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Dallas bishop asks pope to convene synod to discuss clergy abuse


  • Bishop Edward J. Burns of Dallas answers questions from the media Aug. 30 about why he wrote a letter to Pope Francis asking him to convene a synod about the scandals that have rocked the Catholic Church in recent weeks during a news conference at the Diocese of Dallas. (CNS photo/Jenna Teter, The Texas Catholic)
  • Bishop Edward J. Burns of Dallas joins an immigration march July 20 in El Paso, Texas. (CNS photo/Jorge Salgado)
  • In this 2014 file photo, Bishop Edward J. Burns of Dallas is seen in Juneau, Alaska. (CNS photo/Nancy Wiechec)

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DALLAS (CNS) -- Dallas Bishop Edward J. Burns has asked Pope Francis for an extraordinary synod to address issues in the latest Catholic clergy sex abuse crisis, including "abuse of power, clericalism, accountability and the understanding of transparency in the church."

The letter, posted to the Diocese of Dallas' website Aug. 30, was signed by the bishop and priests who serve in leadership roles in various consultative bodies in the diocese. It had been sent earlier in the day to Archbishop Christophe Pierre, the U.S. papal nuncio, so that it could be forwarded to the pope as soon as possible.

"The current crisis of sexual abuse by clergy, the cover-up by leaders in the church and the lack of fidelity of some have caused great harm," the letter said. It suggests that this synod should include topics such as "the care and the safeguard of children and the vulnerable, outreach to victims, the identity and lifestyle of the clergy, the importance of healthy human formation within the presbyterate/religious community, etc."

"We are working diligently at the local level to deal with these issues but increasing accountability at all levels of the church is of utmost importance," Bishop Burns said in a statement. He also noted that the priests who signed the letter "believe a real solution must be found to the heinous issue of clergy abuse of minors."

One of the signers was Father Rudy Garcia, pastor of St. Francis of Assisi Catholic Church in Frisco, who serves on the diocesan presbyteral council.

"It's important to come together at this time of crisis in community of faith and respond to it through the lens of faith and with a firm resolve to create a safe environment for our young and vulnerable adults," he said, adding that priests must go through the same Safe Environment training that lay individuals who work or volunteer in parishes and schools are required to do annually.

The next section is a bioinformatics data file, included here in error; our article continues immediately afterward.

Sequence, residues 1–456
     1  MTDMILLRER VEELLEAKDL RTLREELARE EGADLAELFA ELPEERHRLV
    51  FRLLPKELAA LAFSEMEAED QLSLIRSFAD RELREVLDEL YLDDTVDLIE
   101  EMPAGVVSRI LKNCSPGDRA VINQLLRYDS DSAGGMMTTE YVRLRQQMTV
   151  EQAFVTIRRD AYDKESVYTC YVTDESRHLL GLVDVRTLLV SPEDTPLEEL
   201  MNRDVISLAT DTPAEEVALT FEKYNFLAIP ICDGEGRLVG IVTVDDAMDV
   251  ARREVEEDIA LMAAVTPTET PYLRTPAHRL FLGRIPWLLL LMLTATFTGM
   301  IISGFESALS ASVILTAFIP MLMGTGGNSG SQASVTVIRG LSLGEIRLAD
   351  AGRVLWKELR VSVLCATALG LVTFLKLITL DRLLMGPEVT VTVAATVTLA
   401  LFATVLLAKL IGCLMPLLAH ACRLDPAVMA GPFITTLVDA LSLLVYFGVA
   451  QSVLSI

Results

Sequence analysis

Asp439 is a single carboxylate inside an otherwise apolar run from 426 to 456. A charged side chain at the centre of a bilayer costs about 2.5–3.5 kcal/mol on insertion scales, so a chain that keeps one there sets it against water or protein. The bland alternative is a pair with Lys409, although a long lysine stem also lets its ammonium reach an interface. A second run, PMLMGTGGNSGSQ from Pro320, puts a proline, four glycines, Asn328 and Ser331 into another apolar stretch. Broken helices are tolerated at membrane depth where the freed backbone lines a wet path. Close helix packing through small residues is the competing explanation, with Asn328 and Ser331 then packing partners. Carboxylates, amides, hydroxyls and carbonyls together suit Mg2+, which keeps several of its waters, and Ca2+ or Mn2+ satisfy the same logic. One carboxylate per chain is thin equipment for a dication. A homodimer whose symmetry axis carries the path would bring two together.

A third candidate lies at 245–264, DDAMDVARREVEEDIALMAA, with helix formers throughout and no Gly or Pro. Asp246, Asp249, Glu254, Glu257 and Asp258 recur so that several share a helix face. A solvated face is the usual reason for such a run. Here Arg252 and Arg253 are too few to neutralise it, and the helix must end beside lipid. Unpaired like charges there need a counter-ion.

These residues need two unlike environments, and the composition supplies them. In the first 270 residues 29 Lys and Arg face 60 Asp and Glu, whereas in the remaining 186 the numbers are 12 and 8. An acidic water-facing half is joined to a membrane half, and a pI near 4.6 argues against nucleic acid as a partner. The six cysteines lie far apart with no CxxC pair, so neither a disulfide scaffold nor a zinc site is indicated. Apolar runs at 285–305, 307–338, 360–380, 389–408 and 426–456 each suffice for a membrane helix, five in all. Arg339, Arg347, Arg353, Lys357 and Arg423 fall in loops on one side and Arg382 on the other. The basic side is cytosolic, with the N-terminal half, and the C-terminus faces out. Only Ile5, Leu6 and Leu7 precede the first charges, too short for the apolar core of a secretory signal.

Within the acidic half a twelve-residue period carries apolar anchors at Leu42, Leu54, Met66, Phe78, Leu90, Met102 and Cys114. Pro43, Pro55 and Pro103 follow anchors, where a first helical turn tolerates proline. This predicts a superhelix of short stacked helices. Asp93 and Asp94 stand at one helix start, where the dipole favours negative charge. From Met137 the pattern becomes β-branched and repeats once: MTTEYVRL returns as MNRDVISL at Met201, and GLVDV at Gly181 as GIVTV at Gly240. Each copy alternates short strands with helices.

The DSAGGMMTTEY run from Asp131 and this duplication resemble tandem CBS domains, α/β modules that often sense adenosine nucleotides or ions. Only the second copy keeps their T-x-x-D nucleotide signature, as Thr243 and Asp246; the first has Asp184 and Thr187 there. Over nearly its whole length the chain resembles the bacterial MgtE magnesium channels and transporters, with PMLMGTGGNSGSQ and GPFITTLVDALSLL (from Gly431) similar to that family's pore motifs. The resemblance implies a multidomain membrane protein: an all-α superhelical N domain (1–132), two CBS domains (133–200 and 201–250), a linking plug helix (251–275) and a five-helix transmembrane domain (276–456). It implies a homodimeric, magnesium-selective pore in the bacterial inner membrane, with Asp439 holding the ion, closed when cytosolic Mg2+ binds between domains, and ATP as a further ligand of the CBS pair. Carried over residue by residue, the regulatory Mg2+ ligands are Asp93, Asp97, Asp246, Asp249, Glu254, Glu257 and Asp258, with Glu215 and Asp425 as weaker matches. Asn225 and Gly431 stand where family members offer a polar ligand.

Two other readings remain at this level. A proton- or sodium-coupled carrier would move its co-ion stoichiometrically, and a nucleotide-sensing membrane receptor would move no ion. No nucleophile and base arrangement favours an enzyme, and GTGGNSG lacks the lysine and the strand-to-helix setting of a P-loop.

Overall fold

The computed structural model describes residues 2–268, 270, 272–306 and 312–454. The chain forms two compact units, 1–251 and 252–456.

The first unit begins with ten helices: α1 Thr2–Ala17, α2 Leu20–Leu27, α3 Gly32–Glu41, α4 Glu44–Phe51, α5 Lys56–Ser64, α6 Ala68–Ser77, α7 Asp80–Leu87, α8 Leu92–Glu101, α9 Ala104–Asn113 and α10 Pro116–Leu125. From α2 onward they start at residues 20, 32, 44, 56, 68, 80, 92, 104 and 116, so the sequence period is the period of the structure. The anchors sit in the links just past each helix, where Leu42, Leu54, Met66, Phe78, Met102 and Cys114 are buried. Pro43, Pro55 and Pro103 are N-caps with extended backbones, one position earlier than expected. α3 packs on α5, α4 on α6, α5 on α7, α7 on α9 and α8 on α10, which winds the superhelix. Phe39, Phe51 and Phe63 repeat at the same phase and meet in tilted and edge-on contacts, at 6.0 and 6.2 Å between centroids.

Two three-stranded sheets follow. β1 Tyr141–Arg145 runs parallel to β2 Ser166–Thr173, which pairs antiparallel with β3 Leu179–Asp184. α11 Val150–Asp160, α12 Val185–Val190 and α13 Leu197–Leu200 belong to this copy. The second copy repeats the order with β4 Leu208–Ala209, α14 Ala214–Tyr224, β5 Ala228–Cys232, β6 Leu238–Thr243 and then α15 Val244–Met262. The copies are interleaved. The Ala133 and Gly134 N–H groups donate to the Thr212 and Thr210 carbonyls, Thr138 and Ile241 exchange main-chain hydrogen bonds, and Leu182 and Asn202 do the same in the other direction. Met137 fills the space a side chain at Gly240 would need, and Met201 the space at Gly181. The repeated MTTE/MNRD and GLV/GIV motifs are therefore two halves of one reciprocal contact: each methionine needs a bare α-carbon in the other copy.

"I think the bishop does an excellent job in drawing the community together and addressing this difficult issue at this difficult time and marshalling us around a solid plan of spirituality and of guaranteeing the safety of our environment now and in the future," he said.

In a news conference Aug. 30, Bishop Burns told reporters that he did not know whether the letter would move the pope to call a synod, but he said that numerous priests encouraged him to send it anyway.

The bishop's call for the special synod follows a similar one from the bishop of Portsmouth, England, on Aug. 22 and comes after weeks of news of clergy abuse, not only across the United States and abroad, but also within the Diocese of Dallas.

On Aug. 19, Bishop Burns told parishioners at St. Cecilia Catholic Church that their former pastor, Father Edmundo Paredes, had not only stolen church funds, but had also been accused of sexual misconduct by three individuals, later revealed to be three now-adult males, who said the abuse happened more than a decade ago. The bishop said that those allegations were found to be credible.

"If we are ever going to restore trust or credibility in the church, it's only going to come after we consistently do what is right," Bishop Burns said Aug. 26 at St. Mark the Evangelist Catholic Church in Plano.

"My friends, let me say to you that if this church of ours has to go through a purification, so be it," he said to applause. "And let us pray for the fire of the Holy Spirit, so as to purify us, in what we need to do, in being the church that we say we are. I'm not going to cover my ears or cover my eyes or cover my mouth and we are going to look at this head-on."

In the case of Father Paredes, Dallas diocesan officials have said that the former pastor is accused of theft of approximately $80,000 and that a settlement had been reached with the victims, who wished to remain anonymous.

Bishop Burns has said that in the future the diocese would:

-- Hold a Ceremony of Sorrow at St. Cecilia Catholic Church.

-- Schedule four town hall meetings, beginning with a liturgy, across the diocese to allow Catholics to ask questions.

-- Expand Safe Environment protocols with wider participation from parishioners.

-- Survey parents, grandparents and parishioners as to the effectiveness of the Safe Environment Program within their parishes.

-- Contract a researcher to look at Pennsylvania grand jury report about the inefficiencies of safeguards in the six dioceses there and to compare those inefficiencies to the Diocese of Dallas.

-- Ask priests across the diocese to pray the rosary prior to each Mass in October, whenever possible.

Diocesan officials have not said when the ceremony at St. Cecilia would occur or when or where the town hall meetings would be scheduled.

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Sedeno is executive editor of The Texas Catholic and Revista Catolica, the English- and Spanish-language newspapers of the Dallas Diocese.

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